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An Automated, High Throughput, Filter-Free Pathogen Preconcentrator

Award Information
Agency: Department of Defense
Branch: Army
Contract: W911SR-10-C-0081
Agency Tracking Number: A10A-016-0112
Amount: $99,977.00
Phase: Phase I
Program: STTR
Solicitation Topic Code: A10A-T016
Solicitation Number: 2010.A
Solicitation Year: 2010
Award Year: 2010
Award Start Date (Proposal Award Date): 2010-09-27
Award End Date (Contract End Date): 2011-03-30
Small Business Information
215 Wynn Dr., 5th Floor
Huntsville, AL 35805
United States
DUNS: 185169620
HUBZone Owned: No
Woman Owned: Yes
Socially and Economically Disadvantaged: No
Principal Investigator
 Yi Wang
 Group Leader
 (256) 327-0678
Business Contact
 Deb Phipps
Title: Sr. Contract Specialist
Phone: (256) 726-4884
Research Institution
 RTI International
 Sonia Grego
3040 Cornwallis Road
Research Triangle Pk, NC 27709
United States

 (919) 248-4181
 Domestic Nonprofit Research Organization

Accurate real-time waterborne pathogen detection is of paramount importance to security of U.S. military forces and installations. Fieldable high-throughput pathogen concentration is a critical analytical need for enhanced detection performance. Existing concentration methods are time-consuming, bulky, labor-intensive, power- and reagent-hungry, and consequently ill-suited for battlefield deployment and on-site investigation. To overcome these limitations, we propose to develop and demonstrate a high-throughput, filter-free preconcentrator for automated enrichment of threat pathogens in water samples. The underlying principle of our preconcentrator is to form contactless exclusion barriers to pathogens by combining cross flow features and dielectrophoresis. Our technology enables order-of-magnitude improvement in throughput, concentration factor, and recovery efficiency and significant reduction in logistical burden and operating cost. In Phase I, we will design, fabricate, characterize and demonstrate a laboratory-scale prototype to establish proof-of-principle of the proposed technology. The preconcentrator designs will be optimized using high-fidelity simulation tools, and the fabricated device will be tested and demonstrated in our well-equipped bioengineering laboratories. In Phase II, a quarter-scale preconcentrator system with additional design refinements will be developed for enhanced performance, integrability and manufacturability. The preconcentrator will be integrated with COTS technologies for automated operation. The Phase II prototype will be demonstrated for continuous, long-term concentration of threat pathogens from composite sample matrix. Design requirements for full-scale system and compatibility to various detection technologies will be identified. The final product will be fully automated and filter-free with readily deployability in research and real environments.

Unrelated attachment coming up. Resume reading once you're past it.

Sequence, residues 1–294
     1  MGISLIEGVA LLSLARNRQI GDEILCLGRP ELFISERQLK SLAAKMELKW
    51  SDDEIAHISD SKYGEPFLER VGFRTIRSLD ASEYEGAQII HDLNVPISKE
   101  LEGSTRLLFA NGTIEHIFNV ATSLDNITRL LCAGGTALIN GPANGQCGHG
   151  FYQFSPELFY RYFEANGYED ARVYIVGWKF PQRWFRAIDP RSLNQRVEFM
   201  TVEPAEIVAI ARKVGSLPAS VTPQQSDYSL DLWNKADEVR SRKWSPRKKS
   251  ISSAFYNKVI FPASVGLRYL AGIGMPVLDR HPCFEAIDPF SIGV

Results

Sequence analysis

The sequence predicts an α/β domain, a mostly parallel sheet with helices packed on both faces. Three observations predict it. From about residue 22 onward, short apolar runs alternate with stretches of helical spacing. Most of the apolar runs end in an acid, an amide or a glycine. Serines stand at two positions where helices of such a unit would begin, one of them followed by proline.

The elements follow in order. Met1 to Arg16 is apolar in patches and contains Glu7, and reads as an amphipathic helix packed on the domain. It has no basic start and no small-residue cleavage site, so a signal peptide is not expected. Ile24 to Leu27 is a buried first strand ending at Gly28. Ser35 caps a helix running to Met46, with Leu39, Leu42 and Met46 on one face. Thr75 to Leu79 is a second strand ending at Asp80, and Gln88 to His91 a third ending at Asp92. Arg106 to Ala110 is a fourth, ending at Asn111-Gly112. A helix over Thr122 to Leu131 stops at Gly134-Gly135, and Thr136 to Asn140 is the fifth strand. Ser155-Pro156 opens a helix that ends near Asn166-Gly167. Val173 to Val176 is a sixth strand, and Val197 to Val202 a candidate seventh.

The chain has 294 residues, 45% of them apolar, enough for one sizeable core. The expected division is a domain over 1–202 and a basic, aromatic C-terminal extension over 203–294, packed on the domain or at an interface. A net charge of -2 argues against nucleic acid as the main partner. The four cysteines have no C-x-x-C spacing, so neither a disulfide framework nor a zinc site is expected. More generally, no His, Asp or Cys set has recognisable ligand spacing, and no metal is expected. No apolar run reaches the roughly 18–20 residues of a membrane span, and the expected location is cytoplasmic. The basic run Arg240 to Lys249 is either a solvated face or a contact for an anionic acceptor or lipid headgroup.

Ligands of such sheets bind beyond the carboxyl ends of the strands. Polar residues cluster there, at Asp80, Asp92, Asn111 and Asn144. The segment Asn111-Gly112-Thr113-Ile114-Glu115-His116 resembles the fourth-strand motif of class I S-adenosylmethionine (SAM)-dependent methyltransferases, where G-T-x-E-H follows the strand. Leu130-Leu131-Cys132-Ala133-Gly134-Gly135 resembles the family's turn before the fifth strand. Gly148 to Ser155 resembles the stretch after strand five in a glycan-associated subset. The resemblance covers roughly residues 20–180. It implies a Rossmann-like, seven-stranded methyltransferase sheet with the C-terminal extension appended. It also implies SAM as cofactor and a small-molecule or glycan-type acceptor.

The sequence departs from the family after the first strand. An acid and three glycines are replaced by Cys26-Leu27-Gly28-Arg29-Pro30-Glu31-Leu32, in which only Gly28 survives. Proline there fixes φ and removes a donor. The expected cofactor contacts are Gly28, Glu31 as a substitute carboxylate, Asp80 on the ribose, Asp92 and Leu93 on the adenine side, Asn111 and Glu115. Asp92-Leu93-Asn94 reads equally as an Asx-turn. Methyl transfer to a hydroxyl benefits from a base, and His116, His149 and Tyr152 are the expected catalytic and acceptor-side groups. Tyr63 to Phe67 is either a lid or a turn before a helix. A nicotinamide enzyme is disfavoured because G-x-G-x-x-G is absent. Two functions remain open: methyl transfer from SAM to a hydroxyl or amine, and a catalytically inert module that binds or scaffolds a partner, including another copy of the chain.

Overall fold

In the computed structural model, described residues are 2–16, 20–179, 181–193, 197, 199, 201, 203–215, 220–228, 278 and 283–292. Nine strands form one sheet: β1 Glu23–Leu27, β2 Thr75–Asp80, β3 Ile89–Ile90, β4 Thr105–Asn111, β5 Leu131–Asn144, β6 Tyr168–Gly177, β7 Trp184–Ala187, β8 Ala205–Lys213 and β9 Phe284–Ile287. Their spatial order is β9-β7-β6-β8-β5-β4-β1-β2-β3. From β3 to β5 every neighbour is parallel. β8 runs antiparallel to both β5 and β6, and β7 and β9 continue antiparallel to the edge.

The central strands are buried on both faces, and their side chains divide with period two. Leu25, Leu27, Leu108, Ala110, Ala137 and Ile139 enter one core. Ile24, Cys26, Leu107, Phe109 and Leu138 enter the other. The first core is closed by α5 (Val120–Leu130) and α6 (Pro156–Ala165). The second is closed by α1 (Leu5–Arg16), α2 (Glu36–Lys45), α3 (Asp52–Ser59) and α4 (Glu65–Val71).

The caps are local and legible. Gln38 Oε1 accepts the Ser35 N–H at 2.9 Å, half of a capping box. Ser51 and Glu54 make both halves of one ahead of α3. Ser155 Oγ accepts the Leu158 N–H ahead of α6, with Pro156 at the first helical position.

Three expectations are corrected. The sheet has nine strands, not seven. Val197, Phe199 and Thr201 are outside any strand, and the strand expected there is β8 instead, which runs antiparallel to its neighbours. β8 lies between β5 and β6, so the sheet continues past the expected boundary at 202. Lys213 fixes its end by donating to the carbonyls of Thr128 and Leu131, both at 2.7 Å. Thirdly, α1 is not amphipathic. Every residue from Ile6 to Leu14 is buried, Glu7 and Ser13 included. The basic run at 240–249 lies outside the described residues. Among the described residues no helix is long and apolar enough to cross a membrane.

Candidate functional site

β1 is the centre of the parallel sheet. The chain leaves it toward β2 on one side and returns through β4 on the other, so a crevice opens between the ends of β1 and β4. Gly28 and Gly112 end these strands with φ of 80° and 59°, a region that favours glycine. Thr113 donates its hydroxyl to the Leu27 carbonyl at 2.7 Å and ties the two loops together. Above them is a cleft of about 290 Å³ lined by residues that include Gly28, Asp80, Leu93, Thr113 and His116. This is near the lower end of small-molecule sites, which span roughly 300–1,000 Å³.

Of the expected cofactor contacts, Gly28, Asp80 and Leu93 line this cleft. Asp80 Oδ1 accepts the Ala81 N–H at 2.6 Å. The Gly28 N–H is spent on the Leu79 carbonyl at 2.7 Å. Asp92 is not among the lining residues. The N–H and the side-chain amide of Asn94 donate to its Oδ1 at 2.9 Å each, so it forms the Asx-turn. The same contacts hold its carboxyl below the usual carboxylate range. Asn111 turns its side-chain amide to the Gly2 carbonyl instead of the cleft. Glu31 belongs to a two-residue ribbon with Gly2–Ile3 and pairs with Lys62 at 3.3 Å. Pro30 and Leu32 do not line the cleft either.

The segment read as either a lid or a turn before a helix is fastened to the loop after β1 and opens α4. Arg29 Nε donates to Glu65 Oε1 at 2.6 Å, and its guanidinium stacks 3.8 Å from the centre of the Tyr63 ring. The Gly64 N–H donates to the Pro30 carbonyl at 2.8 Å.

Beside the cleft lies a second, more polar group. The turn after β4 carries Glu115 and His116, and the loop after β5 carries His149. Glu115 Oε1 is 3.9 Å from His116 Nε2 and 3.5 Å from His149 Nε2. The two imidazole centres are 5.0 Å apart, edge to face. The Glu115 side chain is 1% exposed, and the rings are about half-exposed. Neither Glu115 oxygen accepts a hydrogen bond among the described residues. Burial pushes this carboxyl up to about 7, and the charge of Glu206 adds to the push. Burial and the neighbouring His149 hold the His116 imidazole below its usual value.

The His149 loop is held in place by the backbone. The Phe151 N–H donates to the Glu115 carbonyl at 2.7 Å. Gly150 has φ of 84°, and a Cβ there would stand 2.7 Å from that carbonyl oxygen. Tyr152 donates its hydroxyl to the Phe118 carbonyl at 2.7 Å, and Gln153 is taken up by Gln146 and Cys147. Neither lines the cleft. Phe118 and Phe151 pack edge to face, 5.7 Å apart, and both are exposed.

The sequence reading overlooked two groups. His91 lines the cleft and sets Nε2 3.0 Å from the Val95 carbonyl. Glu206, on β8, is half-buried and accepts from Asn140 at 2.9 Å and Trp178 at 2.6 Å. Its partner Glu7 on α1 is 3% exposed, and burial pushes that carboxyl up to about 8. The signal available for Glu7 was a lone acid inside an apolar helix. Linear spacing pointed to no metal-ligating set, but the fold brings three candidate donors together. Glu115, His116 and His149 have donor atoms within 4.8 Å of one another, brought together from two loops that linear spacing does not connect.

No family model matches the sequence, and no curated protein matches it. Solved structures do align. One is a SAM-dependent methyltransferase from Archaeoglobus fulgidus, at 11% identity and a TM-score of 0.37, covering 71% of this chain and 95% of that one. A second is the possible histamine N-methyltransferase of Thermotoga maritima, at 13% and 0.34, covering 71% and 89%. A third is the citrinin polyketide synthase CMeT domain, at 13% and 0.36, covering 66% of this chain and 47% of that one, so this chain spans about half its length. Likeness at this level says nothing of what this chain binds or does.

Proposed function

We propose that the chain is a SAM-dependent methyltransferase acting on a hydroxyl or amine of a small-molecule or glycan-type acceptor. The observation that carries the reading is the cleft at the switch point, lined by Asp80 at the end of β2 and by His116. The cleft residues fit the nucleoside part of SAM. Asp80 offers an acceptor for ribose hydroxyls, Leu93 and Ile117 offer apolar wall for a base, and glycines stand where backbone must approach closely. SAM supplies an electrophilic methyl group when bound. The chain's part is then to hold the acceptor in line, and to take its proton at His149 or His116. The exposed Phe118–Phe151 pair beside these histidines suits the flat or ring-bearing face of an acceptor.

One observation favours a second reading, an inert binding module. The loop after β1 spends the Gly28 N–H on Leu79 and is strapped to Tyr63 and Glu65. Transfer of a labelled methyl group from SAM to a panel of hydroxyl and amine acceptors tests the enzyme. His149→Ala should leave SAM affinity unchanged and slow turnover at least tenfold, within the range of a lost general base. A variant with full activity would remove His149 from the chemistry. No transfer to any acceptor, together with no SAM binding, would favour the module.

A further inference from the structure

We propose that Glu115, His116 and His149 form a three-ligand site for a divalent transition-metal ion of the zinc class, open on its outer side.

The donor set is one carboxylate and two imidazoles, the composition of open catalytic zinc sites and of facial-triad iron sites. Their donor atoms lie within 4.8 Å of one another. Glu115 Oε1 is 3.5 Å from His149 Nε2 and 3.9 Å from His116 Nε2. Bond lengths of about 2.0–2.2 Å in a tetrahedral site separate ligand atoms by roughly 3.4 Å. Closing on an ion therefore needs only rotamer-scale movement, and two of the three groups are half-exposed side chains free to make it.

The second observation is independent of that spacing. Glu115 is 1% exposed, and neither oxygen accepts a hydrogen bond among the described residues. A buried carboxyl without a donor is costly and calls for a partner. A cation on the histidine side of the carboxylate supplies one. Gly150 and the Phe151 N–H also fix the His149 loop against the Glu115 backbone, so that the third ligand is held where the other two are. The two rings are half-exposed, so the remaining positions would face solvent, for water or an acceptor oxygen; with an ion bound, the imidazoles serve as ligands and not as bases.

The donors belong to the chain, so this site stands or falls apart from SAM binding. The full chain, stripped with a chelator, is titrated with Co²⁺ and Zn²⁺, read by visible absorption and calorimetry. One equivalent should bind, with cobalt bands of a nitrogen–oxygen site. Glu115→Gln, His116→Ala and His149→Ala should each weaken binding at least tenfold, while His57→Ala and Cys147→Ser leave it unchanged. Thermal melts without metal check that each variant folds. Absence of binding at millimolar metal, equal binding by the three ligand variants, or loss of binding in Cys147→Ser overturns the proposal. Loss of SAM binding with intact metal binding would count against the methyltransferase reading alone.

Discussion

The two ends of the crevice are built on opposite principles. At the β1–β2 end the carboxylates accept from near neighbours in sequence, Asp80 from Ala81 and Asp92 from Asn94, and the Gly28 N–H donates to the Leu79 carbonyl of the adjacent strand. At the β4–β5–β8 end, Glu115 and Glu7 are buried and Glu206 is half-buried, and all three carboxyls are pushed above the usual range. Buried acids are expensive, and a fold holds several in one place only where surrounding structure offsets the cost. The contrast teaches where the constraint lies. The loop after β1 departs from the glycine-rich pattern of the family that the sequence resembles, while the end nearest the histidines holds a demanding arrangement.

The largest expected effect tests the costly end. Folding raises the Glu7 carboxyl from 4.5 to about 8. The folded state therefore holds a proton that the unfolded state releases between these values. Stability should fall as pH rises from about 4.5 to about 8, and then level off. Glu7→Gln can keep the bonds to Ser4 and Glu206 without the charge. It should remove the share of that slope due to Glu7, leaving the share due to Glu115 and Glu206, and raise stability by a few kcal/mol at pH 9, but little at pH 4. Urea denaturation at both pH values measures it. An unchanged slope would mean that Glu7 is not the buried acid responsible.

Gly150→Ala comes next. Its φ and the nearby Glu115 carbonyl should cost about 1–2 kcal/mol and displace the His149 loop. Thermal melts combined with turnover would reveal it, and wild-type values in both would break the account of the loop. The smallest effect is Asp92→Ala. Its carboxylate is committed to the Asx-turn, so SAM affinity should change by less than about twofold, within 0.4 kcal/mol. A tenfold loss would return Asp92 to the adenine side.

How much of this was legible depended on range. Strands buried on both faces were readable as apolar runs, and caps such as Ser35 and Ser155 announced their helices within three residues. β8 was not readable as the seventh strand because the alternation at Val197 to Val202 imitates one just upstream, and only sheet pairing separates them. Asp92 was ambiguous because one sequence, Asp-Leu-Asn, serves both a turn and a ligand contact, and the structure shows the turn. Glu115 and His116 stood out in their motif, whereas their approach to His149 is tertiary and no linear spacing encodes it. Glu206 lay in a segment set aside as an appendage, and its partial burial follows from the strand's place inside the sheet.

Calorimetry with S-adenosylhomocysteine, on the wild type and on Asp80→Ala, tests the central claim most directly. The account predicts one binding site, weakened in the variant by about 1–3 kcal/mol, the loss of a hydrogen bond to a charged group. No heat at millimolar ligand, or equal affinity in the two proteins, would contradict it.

* Information listed above is at the time of submission. *

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